Friday, April 24, 2009
A teardrop for fallen Americans
This is an interesting bit of little-known history that my friend Brenda suggested for a post.
Heck, I'll post anything if a friend cares that much about my blog!
But this is worthy in its own right.
Read this excerpt from the official pamphlet on the monument.
(If you want to read the whole thing go here.)
“To the Struggle Against World Terrorism,” was conceived as the events of 9/11 unfolded and Russian artist Zurab Tsereteli walked the streets of Moscow. Struck by the outpouring of grief he observed, a memorial with an image of a tear formed in his mind. Shortly after the attacks, Tsereteli visited ground zero and looked to New Jersey’s waterfront for an appropriate site for a monument honoring victims of the World Trade Center terrorist
Bayonne was a fitting location; the city was an arrival point for many New York City evacuees on 9/11, a staging area for rescuers and offered a direct view of the Statue of Liberty and the former World Trade Center towers.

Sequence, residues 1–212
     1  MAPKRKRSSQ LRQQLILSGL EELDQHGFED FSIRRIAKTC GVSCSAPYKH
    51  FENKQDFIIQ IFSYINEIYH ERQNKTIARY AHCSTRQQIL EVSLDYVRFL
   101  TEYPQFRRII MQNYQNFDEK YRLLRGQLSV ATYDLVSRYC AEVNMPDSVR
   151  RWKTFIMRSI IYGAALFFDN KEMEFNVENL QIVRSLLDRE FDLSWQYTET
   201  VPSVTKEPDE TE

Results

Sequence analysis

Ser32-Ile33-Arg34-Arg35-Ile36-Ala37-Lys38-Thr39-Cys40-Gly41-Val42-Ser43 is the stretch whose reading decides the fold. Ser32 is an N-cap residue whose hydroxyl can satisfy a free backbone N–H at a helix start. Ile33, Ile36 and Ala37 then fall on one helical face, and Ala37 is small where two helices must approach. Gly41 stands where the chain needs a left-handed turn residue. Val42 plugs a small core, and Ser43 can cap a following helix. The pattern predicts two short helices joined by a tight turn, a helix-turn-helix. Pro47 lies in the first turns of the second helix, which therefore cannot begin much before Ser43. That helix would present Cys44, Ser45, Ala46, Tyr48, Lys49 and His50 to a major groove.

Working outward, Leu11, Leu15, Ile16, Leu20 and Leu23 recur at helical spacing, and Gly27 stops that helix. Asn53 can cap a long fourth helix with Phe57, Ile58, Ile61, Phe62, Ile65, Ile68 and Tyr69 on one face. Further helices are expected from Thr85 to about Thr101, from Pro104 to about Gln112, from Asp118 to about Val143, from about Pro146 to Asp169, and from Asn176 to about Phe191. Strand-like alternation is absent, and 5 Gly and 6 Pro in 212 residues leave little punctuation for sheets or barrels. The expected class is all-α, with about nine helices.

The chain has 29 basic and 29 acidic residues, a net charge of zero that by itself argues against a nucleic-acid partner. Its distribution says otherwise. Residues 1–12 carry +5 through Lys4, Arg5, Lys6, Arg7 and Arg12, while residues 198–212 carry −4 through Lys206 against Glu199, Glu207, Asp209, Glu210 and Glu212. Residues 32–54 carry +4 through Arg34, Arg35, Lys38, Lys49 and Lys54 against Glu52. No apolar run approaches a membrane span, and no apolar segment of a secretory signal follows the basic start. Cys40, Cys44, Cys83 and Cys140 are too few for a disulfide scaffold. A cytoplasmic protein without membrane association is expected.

A gift from Tsereteli and the Russian people, the memorial is made of steel sheathed in bronze. Standing 100 feet high, its center contains a jagged tear. In it, hangs a 40-foot stainless steel teardrop, representing sadness and grief over the loss of life, but also hope for a future free from terror. Etched in granite on an 11-sided base are the names of the nearly 3,000 killed in the 1993 World Trade Center bombings and terrorist attacks on Sept. 11, 2001.
According to the caption on the above photo, which I found on Flickr: There are no signs leading you to find this remarkable monument. The walkway is lined with stones donated by those in remembrance of this day. The site is directly across from the Statue of Liberty, and looking at that skyline, you truly do see what's missing.